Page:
Should I Plead “NCR” (Not Criminally Responsible) and What Happens if I Do?
Many individuals who are charged with a criminal offence are afflicted with some type of mental illness. Sometimes individuals suffer from mental illnesses so severe that they are not able to recognize that they are doing something that is in fact morally wrong. Individuals who do not understand they are doing something wrong do not have the necessary “guilty mind” or “mens rea” required to be found guilty under the Criminal Code. As such, they will not be convicted criminally and are not held responsible for their actions in the same way as individuals who are convicted are. So is someone who is found NCR for a murder simply released back into the community? The short answer is, no.
Contrary to popular opinion, a person who is found “not criminally responsible” is not merely forgiven and released back into the community because they cannot be held as truly responsible for the crime. They are ordered to be detained in a mental health facility and are required to receive and comply with treatment. There is a chance that a person will be held indefinitely at the mental health facility if, for example, their illness is not amenable to treatment or they continue to stop taking their medications. In fact, some individuals who are found to be NCR end up spending a longer time in a secure facility (i.e. the equivalent to jail) than a person who was not found NCR and was sent to actual jail.
For individuals who do get better over time, and are no longer perceived to be a significant threat to public safety, they may be released back into the community with or without supervision and/or conditions. This determination is made by the Review Board which takes into account a number of considerations, including the person’s behavior, reaction to treatment, willingness to comply with treatment, and insight into their actions that led to the offence.
The NCR defence is not a straightforward get out of jail card or an acquittal (i.e. finding that the person is not guilty). There are serious and sometimes unintended consequences that might come about if a person is found to be NCR. Therefore, it is important that an experienced criminal lawyer fully and carefully explain to a client the potential and unintended consequences that might arise from a finding of Not Criminally Responsible.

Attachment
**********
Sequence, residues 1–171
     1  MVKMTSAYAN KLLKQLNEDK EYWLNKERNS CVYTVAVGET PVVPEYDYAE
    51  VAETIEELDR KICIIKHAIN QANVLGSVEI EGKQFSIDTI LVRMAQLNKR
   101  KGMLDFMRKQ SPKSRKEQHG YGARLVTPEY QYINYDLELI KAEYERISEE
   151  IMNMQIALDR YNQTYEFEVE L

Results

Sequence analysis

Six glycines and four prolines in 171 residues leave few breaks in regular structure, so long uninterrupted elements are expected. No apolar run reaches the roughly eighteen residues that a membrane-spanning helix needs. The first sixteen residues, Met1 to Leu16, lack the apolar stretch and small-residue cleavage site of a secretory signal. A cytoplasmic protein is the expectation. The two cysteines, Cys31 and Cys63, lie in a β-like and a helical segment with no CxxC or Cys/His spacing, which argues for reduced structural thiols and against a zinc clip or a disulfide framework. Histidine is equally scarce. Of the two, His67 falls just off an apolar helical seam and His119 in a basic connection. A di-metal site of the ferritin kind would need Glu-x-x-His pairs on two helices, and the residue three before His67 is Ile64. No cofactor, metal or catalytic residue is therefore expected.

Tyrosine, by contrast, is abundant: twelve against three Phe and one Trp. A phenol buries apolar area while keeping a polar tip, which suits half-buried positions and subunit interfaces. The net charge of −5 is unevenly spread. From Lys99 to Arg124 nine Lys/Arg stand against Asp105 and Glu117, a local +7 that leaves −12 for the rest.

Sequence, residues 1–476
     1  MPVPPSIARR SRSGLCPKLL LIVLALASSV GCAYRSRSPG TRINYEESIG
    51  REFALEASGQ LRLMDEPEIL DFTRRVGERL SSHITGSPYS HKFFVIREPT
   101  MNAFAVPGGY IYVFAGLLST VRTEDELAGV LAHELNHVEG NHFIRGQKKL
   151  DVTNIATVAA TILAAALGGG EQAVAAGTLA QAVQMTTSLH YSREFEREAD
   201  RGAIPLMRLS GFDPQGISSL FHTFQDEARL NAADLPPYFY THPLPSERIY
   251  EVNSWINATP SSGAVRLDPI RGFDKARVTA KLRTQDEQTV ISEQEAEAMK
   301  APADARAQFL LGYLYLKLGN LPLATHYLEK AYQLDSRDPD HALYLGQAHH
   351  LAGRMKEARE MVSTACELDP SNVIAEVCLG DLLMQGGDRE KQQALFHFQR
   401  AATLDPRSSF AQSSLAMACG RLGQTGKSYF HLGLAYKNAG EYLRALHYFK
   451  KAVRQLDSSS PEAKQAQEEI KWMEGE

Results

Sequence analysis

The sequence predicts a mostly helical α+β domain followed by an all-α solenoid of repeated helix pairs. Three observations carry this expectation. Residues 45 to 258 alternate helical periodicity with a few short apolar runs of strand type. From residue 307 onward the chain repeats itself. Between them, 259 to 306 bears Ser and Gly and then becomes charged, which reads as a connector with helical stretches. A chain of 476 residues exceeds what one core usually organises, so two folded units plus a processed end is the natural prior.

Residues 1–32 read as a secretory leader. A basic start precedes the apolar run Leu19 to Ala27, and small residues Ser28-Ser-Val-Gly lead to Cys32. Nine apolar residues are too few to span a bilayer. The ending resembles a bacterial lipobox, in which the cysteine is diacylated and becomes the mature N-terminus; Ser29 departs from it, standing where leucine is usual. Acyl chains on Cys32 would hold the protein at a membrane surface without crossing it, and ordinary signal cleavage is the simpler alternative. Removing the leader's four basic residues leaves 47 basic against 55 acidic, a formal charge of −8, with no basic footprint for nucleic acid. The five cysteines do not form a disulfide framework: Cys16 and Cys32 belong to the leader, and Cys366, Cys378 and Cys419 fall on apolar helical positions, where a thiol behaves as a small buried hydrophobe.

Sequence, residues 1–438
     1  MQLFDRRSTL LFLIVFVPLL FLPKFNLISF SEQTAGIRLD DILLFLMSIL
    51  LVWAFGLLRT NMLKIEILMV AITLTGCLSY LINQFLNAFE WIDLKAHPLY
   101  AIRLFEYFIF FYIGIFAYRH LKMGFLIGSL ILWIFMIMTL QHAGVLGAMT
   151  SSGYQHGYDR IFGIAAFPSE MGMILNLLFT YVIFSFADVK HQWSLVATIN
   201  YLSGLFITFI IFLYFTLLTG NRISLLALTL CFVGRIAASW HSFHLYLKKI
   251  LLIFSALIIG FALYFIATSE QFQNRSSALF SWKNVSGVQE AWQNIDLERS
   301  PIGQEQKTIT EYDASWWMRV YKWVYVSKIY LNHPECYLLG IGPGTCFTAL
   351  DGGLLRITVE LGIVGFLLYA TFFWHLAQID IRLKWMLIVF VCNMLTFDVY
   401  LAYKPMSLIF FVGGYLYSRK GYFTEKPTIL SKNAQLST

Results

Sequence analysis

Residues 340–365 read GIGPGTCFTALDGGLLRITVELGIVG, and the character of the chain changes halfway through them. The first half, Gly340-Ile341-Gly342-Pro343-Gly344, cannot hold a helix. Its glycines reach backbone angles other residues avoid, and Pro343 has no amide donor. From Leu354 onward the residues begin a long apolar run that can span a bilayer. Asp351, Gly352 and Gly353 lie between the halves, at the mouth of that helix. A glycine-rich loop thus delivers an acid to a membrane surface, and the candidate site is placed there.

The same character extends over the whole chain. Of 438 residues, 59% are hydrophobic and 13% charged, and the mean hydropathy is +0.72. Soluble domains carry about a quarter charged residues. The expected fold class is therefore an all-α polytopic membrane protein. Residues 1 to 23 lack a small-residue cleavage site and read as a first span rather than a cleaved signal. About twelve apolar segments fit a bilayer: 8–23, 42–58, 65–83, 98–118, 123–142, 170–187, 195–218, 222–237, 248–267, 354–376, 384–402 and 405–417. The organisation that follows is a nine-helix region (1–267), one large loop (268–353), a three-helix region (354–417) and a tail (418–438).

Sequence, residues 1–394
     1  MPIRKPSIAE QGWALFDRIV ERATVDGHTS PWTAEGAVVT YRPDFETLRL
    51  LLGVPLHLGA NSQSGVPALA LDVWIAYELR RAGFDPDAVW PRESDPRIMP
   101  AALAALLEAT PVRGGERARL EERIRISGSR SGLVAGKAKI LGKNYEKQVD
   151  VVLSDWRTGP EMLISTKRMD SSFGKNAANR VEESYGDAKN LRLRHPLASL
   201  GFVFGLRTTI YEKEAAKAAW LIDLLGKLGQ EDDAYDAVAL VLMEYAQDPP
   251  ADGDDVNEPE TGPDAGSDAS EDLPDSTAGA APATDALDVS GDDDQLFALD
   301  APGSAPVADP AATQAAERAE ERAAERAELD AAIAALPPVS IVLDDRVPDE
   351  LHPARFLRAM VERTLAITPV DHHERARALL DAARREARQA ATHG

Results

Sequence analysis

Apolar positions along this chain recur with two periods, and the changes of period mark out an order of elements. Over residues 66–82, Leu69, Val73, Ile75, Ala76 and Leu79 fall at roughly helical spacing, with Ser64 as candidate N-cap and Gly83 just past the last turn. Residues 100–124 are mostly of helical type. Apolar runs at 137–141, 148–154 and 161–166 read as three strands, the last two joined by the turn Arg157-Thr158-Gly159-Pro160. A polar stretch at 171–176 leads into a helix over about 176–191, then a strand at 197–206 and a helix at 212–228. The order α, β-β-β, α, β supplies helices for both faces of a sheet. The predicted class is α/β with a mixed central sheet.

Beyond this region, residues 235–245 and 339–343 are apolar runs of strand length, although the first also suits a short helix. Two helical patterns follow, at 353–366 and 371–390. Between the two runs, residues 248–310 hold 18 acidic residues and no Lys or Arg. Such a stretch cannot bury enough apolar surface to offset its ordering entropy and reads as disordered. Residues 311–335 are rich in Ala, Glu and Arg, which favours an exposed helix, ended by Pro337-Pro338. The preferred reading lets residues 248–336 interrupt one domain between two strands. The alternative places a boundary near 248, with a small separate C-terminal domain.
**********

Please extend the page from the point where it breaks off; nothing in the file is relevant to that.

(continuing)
The History of the Provisions and How they Work
The law with respect to the NCR Defence or NCRMD (Not Criminally Responsible on Account of Mental Disorder) was most recently updated in 1992 and now reads:
16(1) No person is criminally responsible for an act committed or an omission made while suffering from a mental disorder that rendered the person incapable of appreciating the nature and quality of the act or omission or of knowing that it was wrong.
To successfully establish NCR, an accused must show that, at the time the offence was committed, they were suffering from a mental disorder and, at that time and because of the mental disorder, that they did not have the capacity to appreciate the nature and consequences of their actions or that they did not know that what they are doing is morally wrong.
An accused can raise the defence at anytime during the trial. It can also be raised even after the accused has been found guilty of the offence, but before a conviction is entered and they are sentenced. The court on its own may also order an assessment of an accused to determine whether they can be held criminally responsible if it has reasonable grounds. In some instances, the Crown might also be able to seek an assessment. There are a number of considerations that an experienced criminal defence lawyer must take into account in deciding when to raise the defence, or if it is appropriate to do so.
An experienced lawyer will not readily put forward the NCR defence simply because their client has a mental disorder. A lawyer should take into account numerous factors including the seriousness of the offence, what the potential sentence is if the client is convicted, the criminal record, whether the client will be willing to comply with treatment, whether there are other viable defences that may lead to acquittal, and ultimately the chances of indefinite detention at a mental health facility. Sometimes deciding between being sent to a penitentiary or to a mental health facility makes a huge difference. Ultimately, it should be up to the client to tell the lawyer whether they want to use the NCR defence.
It is important that your defence lawyer is not only familiar with the law and procedure surrounding NCR, but they must be well-informed and have the skills to know how and when to advance the defence, if the client wishes them to raise the defence. Perhaps most importantly, a lawyer must also be understanding and thoughtful when they work with individuals who are suffering from mental illness.
For additional information about the NCR Defence or any other defences that may be available to you if you have been charged with a criminal offence, or if you would like a free 30 minute consultation, do not hesitate to call us toll-free at 1-877-547-6006 or e-mail us at firstname.lastname@example.org
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